The Home of American Intellectual Conservatism — First Principles

November 17, 2018

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The New Classical Schooling
Peter J. Leithart - 01/29/08

Suspicions intensified after the Revolution. Newly liberated from British rule, Americans associated classical study with “everything that the Revolution had cast off: ancient privilege, tyranny, and the elitism of power and wealth.”41 Thomas Paine spoke for many when he said, “I have no notion of yielding the palm of the United States to any Grecians and Romans that were ever born,”42 and Benjamin Rush classified Greek and Latin “with Negro slavery and spirituous liquor . . . as, though in a less degree, unfriendly to the progress of morals, knowledge, and religion in the United States.”43 Fundamentally, Pearcy notes, “Humanistic classical education depended on the existence of the class it had been designed to serve, and that aristocratic, leisured class . . . had no place in the new nation of Tocqueville’s pioneers.”44 Those who received classical education were regarded by their rugged countrymen as effete, European, elitist, not-quite-American.

As this short discursion into early American history makes plain, today’s classical education is attempting to repudiate not only mid-twentieth-century pedagogical corruptions, but also a long-standing American prejudice in favor of pragmatism. It is too early to tell whether CCE can successfully swim against so broad and deep a cultural current. Ken Myers, for one, has doubts. He sees a direct connection between CCE and partisanship in America’s current Kulturkampf. He notes that CCE emerged at the “same time ‘culture wars’ concerns emerged, when liberalism’s assault on church and family became associated with an assault on the West”; he worries that the movement is governed too much by a concern to “save America” or “save democracy.” Instead of initiating students into a tradition and a conversation, classical education could degenerate into a form of Christianized pragmatism, merely training students to man the battlements of the culture war.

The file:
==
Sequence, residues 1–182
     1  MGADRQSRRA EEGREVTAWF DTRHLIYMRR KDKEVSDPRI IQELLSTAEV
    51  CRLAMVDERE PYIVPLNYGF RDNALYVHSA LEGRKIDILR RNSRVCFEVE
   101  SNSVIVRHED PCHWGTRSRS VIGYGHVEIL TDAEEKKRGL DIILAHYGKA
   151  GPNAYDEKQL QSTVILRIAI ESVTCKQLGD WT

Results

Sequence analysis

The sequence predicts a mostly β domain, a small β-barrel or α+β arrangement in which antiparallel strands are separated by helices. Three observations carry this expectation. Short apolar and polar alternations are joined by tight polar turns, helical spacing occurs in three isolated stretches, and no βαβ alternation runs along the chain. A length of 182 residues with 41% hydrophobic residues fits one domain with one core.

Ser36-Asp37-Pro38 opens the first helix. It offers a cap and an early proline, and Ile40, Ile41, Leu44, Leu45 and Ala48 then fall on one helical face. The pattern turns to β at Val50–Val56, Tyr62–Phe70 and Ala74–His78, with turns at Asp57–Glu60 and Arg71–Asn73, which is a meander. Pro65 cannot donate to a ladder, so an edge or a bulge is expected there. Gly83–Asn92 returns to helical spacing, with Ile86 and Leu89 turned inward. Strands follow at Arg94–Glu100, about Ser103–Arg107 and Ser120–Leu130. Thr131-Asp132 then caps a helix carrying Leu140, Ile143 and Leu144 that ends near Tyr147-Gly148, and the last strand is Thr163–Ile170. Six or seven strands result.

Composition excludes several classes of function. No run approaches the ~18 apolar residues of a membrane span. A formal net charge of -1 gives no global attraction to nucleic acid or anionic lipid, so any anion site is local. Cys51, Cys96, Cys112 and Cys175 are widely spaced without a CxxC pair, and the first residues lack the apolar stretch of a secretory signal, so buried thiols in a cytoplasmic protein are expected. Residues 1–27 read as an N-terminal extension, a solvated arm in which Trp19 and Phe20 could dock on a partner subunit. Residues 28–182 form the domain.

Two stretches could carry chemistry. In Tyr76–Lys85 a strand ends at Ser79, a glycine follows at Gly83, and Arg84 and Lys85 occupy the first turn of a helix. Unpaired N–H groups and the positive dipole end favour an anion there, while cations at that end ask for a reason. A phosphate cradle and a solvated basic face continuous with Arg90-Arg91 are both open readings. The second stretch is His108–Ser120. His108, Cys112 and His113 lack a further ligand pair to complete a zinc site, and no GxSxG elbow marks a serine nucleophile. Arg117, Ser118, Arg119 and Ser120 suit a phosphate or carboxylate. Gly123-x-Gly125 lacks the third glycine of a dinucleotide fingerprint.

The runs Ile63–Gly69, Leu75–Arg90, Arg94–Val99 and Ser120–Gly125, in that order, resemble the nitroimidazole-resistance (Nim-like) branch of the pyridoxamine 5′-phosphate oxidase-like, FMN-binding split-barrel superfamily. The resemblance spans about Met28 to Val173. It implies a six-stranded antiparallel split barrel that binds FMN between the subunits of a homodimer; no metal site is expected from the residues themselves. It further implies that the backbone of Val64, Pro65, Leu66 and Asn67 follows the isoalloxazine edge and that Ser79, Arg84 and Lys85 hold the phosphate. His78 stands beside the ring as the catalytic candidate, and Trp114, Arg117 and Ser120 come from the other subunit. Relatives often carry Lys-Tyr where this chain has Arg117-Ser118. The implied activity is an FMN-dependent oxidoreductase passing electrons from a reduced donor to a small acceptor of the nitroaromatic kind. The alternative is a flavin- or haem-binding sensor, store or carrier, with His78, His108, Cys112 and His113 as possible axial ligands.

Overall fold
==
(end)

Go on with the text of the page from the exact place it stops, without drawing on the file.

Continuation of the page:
I would argue, however, that classical schools have built-in protections against becoming an arm of the Christian Right. Students of dialectic and rhetoric at Veritas Academy in Lancaster work through an extensive collection of Great Books in their Omnibus curriculum, and at the Logos School American literature students thoroughly discuss Moby-Dick and other novels in class. At its best, CCE combines fervently evangelical Christianity with an appreciation of what Oakeshott, speaking of university education, described as the “gift of the interval,” the “opportunity to put aside the hot allegiances of youth” and to find a “break in the tyrannical course of irreparable human events,” a “moment in which to taste the mystery without the necessity of at once seeking a solution,” a moment when students are “freed . . . from the curse of Adam, the burdensome distinction between work and play.”45

From his home outside tiny Potlatch, Idaho, some twenty miles north of Moscow, Wes Callihan runs Schola Classical Tutorials. On most mornings, Callihan sits in front of his computer in his bathrobe and conducts live classes in the classical languages, Great Books, history, literature, and rhetoric for teenagers all over the United States.46 Every year, he gathers his students from all over the country to Potlatch to meet each other face-to-face and to spend a week reading Augustine’s City of God or the works of Athanasius. Aloud. Together. In a recent essay on “Eating Books,” Callihan talks about the virtues of slow reading, reading for more than the “gist”: “We in the modern world have too little time, and the same pressure that drives us to gobble fast-food meals on the run causes us also to read everything, even our Bibles, much too fast.” Callihan captures the vision of classical education in his Oakeshottian conclusion: “We starve our souls and our minds and wonder why there is so little wisdom in the world.”47

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